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The old capital Tarnovo enthusiastically welcomes Bulgaria's Independence

Photo: lostbulgaria.com

Liberation, Unification and Independence are the three acts to which we owe Bulgaria's existence as a free, unified and independent state. From the year of the Russo-Turkish War (1877-78), which liberated our country, three decades passed until the Manifesto for the Declaration of Independence was read out in the old capital of Tarnovo. With this act, Bulgaria finally rejected its political and economic dependence on the Ottoman Empire.

A depiction of the historic day comes to our attention, preserved in an article from the period newspaper "Pryaporets" of September 23, 1908, which states:

At 11 o'clock it was announced to the highly excited crowd that the Prince had stopped at the bus stop on Trapezitsa and from there he and the officials had made their way to the old half-collapsed church of St. Forty Martyrs. Not long after, a prayer was read by all the clergy in the church, which was overflowing with people, the vast majority of whom were standing outside, in the churchyard. Then, after the singing of the "Mnogaya Leta" (Many Happy Returns), and while a sepulchral silence reigned, the Prince, standing forward, read the manifesto. This had the effect of an electric current on the multitude, and a unanimous rapturous "Hurrah!" rang through the air."

But what were the factors that led to the declaration of independence and why were the conditions for this act favourable in 1908?

One of the important prerequisites for the diplomatic victory was that Bulgaria's interests at that time coincided with those of one of the Great Powers - Austria-Hungary - points out Diana Boteva, curator at the New History Department of the Regional History Museum in Ruse:

Manifesto for the Declaration of Independence"As early as the beginning of 1908 Knyaz Ferdinand appointed the government headed by Alexander Malinov. Appeals for the declaration of independence came from Prime Minister Malinov himself, and at his very first audience with the Knyaz, he declared that the time was opportune for taking action in this direction. However, such an act would also have to have the support of European countries. Austria-Hungary came to the rescue, having an interest in breaking the status quo in the Balkans. Its diplomatic service has been making enquiries with the Great Powers to find out their position on its intention to annex Bosnia and Herzegovina. At these meetings Russia has indicated that it would not interfere with such an act."

We should not overlook several other factors that led to the fulfillment of the national ideal of the Bulgarians at that time - an Independent Bulgarian Kingdom:Ferdinand I of Bulgaria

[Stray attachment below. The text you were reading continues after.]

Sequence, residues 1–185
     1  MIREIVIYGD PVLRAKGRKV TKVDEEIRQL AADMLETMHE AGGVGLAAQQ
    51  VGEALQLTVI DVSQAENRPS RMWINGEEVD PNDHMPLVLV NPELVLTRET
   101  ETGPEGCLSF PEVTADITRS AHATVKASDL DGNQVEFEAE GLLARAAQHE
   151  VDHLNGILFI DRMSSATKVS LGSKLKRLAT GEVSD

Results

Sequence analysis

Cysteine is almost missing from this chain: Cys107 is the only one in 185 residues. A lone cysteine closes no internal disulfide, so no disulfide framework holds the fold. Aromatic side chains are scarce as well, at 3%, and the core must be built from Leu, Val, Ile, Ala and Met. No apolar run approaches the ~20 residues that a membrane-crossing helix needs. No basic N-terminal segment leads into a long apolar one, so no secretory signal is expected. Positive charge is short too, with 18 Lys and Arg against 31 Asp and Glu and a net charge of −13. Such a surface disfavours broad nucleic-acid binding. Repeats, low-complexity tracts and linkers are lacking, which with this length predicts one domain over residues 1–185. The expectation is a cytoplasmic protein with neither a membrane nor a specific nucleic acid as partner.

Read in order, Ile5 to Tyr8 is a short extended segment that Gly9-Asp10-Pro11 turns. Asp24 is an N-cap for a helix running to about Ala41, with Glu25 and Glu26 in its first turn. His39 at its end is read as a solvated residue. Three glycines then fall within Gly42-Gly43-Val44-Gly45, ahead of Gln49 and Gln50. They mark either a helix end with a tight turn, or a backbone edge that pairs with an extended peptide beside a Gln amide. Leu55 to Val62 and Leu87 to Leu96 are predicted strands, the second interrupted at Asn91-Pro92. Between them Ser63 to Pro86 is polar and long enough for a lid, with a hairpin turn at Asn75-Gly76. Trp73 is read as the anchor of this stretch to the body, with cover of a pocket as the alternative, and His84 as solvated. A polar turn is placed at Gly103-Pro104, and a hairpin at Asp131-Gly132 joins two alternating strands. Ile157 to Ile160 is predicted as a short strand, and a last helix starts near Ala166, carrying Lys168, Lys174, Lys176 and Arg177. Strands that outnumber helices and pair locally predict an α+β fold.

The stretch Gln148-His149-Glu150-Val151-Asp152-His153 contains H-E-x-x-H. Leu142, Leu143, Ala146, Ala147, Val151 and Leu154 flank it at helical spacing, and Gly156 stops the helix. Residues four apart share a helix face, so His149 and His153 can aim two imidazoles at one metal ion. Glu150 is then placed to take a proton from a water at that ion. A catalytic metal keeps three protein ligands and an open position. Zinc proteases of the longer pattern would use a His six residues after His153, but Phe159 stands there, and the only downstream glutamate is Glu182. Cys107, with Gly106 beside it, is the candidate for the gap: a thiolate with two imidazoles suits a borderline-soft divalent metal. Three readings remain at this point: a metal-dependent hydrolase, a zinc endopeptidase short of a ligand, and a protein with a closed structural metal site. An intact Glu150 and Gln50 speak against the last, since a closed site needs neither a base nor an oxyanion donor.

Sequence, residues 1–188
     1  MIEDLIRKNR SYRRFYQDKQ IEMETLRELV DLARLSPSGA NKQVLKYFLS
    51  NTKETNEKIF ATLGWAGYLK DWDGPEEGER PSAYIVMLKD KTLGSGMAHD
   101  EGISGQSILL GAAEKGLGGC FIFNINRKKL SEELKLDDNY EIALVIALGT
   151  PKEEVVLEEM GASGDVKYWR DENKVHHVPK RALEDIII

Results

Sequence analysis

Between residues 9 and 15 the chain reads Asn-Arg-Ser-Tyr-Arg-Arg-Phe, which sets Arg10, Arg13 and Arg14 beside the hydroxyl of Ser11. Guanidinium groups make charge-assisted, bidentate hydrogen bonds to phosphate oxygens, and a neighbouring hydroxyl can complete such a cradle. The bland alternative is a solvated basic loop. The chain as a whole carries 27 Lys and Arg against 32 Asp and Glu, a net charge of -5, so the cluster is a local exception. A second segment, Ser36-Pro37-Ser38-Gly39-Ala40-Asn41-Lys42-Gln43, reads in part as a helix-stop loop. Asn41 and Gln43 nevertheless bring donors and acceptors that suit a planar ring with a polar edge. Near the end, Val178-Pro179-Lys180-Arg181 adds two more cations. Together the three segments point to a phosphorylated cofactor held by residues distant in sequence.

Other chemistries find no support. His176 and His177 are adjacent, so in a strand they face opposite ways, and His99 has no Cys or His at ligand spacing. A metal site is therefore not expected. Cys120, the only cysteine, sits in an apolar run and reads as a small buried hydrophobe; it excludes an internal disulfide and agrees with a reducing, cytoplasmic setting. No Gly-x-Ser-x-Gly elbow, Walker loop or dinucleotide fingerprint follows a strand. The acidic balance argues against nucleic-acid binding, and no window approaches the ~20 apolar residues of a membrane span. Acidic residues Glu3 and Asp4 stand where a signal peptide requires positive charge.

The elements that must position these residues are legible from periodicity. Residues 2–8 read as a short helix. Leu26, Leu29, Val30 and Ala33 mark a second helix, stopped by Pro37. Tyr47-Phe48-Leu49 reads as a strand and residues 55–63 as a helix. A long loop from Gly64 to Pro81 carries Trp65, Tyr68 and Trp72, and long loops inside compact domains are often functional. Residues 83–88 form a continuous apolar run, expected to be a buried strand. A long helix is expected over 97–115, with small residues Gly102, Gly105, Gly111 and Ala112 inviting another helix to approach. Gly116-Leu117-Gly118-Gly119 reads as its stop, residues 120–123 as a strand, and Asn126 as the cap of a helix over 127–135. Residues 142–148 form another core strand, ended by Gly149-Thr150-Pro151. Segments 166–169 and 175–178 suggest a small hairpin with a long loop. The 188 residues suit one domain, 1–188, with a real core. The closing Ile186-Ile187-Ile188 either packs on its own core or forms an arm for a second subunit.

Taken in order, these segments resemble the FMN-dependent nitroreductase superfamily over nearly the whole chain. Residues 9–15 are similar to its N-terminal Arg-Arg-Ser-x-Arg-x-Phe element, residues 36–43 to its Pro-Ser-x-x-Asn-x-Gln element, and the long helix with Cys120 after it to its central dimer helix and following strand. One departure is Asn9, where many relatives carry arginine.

"In the summer of 1908 Bulgarian-Turkish relations changed due to the outbreak of the Young Turk Revolution, which succeeded in restoring the constitution of the Ottoman Empire of 1876 - recalled in an interview for Radio Bulgaria Mrs. Boteva - They had a desire to modernize their country, but instead of introducing reforms in the government, they preferred to follow the line of nationalism. Then the Bulgarian diplomatic agent in Constantinople, Ivan Geshov, in a letter to the Bulgarian foreign minister, launched the idea of proclaiming the independence of the country. At that time, however, the government did not share his opinion because it still considered it dangerous for the country. In their view, it was necessary to wait for developments in the Ottoman Empire and to see the reaction of the Great Powers."

The coincidence of the interests of Bulgaria and Austria-Hungary at that time allowed Prince Ferdinand to start negotiations with Emperor Franz Joseph. At their first meeting on 10 September, the prince was greeted as an independent ruler. Apart from this unprecedented gesture, the prince also benefited from a scandal that broke out concerning Bulgaria's diplomatic representative in Constantinople, Ivan Geshov, after which he was ostentatiously recalled from the capital of the Ottoman Empire.

"He was not invited to the reception given on the occasion of the Sultan's birthday, which once again highlighted Bulgaria's vassal status," explains Diana Boteva from the Regional History Museum in Ruse.

In the meantime, Eastern Railway employees began striking on September 5. The protests broke out on the territory of the Principality of Bulgaria, so the railways were nationalized and Bulgaria took over their management. Prime Minister Alexander Malinov sends a telegram to the Knyaz demanding his immediate return to the country from abroad. On 16 September, a the Council of Ministers took a final decision to declare independence. The date chosen for this was September 21, 1908 (but it happened a day later - ed.). There were fears that the Great Powers would engage in collective action because of the problems with the railway. Consideration is also given to the problems the country would have whether it declared independence before or after the Austro-Hungarian took its action. After much discussion, Ferdinand agreed that the only way out of the situation was to declare independence."

Photos: lostbulgaria.com, Wikipedia

Translated and posted by Elizabeth Radkova

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